THE GREENHOUSE SHOW
Edible varieties of the sweet potato make beautiful vines, too
SALT LAKE CITY — Many savvy gardeners use ornamental sweet potato vines as a trailing accent in their planters and container gardens. But did you know that edible varieties also produce a beautiful vine?
Edible varieties can provide a wonderful spiller for your summer containers, while at the same time producing a fall crop of sweet potatoes that are both delicious and high in vitamins.
Growing tips for the edible varieties of sweet potato
There are several varieties of sweet potatoes to choose from that perform well in Utah.
In a recently filmed video for the KSL Greenhouse Show, Horticulture Assistant Professor for Utah State University Extension Sheriden Hansen called it “double duty.”
She said not only are edible sweet potatoes prolific growers, “They are beautiful. They trellis, they hang.” But they can also be a part of your vegetable crop rather than just a “throwaway ornamental” at the end of the growing season.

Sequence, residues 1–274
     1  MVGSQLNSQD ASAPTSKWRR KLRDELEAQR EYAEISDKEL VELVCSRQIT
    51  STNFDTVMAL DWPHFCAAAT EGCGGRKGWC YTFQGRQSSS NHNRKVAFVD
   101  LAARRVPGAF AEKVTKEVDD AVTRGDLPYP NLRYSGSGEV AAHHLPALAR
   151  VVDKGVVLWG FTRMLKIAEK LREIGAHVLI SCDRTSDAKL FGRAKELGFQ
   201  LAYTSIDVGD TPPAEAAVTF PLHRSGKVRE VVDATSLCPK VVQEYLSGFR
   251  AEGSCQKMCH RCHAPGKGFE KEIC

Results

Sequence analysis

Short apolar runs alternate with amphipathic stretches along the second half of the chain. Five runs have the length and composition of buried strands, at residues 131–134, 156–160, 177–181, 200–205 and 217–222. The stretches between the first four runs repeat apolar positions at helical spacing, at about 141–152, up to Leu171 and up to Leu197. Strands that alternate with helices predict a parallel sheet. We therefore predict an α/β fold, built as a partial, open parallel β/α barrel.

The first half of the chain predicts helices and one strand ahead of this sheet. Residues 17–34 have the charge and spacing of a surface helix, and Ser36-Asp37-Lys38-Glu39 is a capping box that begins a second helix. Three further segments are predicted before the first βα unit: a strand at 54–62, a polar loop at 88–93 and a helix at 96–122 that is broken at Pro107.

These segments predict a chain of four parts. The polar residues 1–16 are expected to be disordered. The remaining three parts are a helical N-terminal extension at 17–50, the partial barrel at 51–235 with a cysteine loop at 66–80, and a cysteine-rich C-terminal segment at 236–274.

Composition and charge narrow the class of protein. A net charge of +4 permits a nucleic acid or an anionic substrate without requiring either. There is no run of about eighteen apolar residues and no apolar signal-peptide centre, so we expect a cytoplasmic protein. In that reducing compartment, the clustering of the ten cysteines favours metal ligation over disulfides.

Storing the edible sweet potato
Hansen says sweet potatoes are also a great item to plant for food storage purposes. When cured properly, these homegrown tubers can be enjoyed for months after the growing season.
Harvesting tips for the edible sweet potato
These tips will be useful if you are harvesting your sweet potato.
- Wait until the foliage starts to turn yellow or after the first frost damages the leaves.
- Use a spading fork or shovel and carefully dig up the swollen roots.
- Take care not to bruise, cut or otherwise damage the roots.
- Cure for 1-2 weeks at 80°F.
- Store in a cool, dry location (50-55º F).
To learn more about food storage, visit Be Ready Utah.
- A delayed frost means more summer produce
- Your gardening season can be extended with these simple tips
- How to grow vegetables in containers
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